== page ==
MOOCs and the crisis in higher education

"MOOCs are the fad of the moment," said University of Minnesota President Eric Kaler yesterday on The Daily Circuit. Despite his skepticism, this week the U announced that it would offer Massive Open Online Courses through Coursera.

Clay Shirky argues in The Awl that while MOOCs may not be the answer for the crisis in higher education, the U and other bricks-and-mortar schools need to come up with solutions. To understand the scope of the problem, he says don't think about the students in the US News' Top 100:

If you want to know what college is actually like in this country, forget Swarthmore, with 1500 students. Think Houston Community College, with 63,000. Think rolling admissions. Think commuter school. Think older. Think poorer. Think child-rearing, part-time, night class. Think 50% dropout rates. Think two-year degree. (Except don't call it that, because most graduates take longer than two years to complete it. If they complete it.)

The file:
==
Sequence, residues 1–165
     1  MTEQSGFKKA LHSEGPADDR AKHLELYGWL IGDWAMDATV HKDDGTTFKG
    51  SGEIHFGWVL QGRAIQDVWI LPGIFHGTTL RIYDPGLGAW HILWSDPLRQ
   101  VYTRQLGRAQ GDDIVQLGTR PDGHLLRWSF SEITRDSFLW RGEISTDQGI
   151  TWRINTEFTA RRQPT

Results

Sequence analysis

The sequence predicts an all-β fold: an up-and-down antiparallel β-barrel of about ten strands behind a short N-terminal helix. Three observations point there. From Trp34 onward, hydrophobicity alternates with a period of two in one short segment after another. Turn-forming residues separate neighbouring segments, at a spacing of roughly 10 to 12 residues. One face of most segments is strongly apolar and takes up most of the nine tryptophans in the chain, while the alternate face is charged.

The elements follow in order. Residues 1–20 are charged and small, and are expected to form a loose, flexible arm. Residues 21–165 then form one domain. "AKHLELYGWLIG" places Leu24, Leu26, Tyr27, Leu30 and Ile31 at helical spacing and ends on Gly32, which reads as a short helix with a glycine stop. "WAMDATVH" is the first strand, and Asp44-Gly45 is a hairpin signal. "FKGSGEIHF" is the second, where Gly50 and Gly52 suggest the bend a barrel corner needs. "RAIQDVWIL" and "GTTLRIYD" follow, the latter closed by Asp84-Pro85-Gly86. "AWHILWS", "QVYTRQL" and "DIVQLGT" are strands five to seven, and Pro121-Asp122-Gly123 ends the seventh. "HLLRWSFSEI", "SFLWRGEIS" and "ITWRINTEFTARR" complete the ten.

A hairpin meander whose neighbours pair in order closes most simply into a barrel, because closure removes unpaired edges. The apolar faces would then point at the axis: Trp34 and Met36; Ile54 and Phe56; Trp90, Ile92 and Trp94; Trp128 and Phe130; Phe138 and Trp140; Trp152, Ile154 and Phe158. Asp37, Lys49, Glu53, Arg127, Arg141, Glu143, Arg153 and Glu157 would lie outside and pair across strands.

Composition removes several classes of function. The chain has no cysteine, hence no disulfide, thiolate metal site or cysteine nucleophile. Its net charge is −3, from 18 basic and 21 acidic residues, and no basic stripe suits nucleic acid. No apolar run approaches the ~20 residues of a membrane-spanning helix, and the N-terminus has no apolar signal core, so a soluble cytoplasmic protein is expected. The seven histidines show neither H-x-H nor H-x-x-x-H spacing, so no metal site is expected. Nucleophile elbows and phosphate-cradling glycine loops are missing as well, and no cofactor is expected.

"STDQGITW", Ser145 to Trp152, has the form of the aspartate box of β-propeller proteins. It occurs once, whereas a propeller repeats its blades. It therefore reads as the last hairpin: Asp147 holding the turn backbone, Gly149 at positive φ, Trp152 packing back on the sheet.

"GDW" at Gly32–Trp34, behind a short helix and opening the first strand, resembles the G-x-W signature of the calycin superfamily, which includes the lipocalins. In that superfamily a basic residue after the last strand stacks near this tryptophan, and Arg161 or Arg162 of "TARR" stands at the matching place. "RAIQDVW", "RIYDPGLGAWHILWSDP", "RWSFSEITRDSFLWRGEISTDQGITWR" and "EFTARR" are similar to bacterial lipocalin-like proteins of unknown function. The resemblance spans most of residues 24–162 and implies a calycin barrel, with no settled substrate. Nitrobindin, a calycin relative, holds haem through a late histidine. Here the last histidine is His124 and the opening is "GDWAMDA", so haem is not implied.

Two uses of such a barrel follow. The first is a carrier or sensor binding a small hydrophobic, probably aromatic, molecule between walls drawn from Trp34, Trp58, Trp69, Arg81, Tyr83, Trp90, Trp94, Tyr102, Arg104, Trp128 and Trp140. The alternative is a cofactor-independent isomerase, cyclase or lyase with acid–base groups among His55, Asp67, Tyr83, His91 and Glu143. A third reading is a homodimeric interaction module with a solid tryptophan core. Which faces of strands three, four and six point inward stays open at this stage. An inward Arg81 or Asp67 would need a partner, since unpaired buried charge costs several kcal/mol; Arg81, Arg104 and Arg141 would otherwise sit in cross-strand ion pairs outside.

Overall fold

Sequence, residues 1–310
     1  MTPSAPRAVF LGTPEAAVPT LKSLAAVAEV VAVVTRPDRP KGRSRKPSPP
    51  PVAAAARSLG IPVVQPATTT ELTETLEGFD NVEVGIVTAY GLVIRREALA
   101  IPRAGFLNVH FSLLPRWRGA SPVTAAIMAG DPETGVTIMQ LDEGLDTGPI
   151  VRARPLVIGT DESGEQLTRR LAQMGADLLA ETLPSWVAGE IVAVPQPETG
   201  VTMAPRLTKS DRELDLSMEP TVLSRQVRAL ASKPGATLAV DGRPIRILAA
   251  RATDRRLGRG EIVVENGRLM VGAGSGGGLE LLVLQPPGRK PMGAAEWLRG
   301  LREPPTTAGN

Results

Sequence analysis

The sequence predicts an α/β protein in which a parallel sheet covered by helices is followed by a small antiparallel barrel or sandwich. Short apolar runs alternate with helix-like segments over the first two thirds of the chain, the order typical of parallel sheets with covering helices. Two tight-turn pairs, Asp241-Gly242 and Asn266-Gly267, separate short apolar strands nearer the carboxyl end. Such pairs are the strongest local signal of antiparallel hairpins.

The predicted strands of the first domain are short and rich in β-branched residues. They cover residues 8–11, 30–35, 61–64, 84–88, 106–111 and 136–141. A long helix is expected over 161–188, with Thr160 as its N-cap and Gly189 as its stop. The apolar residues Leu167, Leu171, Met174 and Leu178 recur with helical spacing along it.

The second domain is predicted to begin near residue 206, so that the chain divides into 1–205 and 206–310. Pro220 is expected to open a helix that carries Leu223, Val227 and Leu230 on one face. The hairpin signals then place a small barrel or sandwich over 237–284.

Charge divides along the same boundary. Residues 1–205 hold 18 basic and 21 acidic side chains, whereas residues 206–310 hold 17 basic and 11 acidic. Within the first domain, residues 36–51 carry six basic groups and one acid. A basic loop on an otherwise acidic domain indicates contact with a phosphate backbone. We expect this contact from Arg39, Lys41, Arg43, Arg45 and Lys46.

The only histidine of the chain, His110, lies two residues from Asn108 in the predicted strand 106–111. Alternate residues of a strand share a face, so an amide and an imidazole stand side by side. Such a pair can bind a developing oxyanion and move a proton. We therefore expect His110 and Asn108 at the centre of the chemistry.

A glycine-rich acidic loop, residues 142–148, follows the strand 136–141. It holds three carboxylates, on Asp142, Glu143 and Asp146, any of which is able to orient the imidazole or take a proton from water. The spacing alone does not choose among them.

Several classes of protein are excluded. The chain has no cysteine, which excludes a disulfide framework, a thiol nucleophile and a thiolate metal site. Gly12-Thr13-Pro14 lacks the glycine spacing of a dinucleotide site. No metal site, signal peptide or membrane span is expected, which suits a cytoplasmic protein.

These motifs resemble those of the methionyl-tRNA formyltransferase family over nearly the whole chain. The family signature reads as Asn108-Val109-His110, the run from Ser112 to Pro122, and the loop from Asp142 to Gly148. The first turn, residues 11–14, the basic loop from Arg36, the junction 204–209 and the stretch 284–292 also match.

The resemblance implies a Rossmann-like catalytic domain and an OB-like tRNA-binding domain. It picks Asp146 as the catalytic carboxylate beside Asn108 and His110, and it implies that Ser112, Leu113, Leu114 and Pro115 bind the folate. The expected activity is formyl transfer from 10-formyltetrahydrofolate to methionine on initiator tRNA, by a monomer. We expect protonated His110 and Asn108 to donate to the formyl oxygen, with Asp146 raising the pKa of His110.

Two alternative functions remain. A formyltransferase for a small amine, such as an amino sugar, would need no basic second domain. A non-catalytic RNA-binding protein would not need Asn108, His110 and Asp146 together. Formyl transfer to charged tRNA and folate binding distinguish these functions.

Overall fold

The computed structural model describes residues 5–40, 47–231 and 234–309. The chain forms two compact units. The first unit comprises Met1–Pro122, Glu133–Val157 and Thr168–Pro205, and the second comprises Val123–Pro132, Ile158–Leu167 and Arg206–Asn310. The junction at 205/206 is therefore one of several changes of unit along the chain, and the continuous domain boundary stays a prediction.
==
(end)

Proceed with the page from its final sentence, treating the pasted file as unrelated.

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Shirky, himself on the faculty of a traditional university, says he believes most schools try to work for their students, but that the system is irreparably broken. MOOCs may seem fad-ish, but they are harbingers of big changes for the University of Minnesota and other institutions.

I've been thinking about the effects of the internet for a couple of decades now. I've watched industry after industry forced to renegotiate their methods and models, in the face of a medium that allows for perfect copying, global distribution, zero incremental cost, ridiculously easy group-forming: The music business. Newspapers. Travel agents. Publishers. Hotel owners. And while watching, I've always wondered what I'd do when my turn came.

And now here it is.


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